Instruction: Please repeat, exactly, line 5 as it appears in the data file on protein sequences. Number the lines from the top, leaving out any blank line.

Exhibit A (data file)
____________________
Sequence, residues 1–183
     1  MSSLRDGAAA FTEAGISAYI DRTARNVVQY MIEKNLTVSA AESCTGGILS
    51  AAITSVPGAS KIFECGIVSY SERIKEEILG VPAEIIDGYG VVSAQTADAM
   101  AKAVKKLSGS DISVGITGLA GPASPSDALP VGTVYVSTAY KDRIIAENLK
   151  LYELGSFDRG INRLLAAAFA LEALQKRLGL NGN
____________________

   151  LYELGSFDRG INRLLAAAFA LEALQKRLGL NGN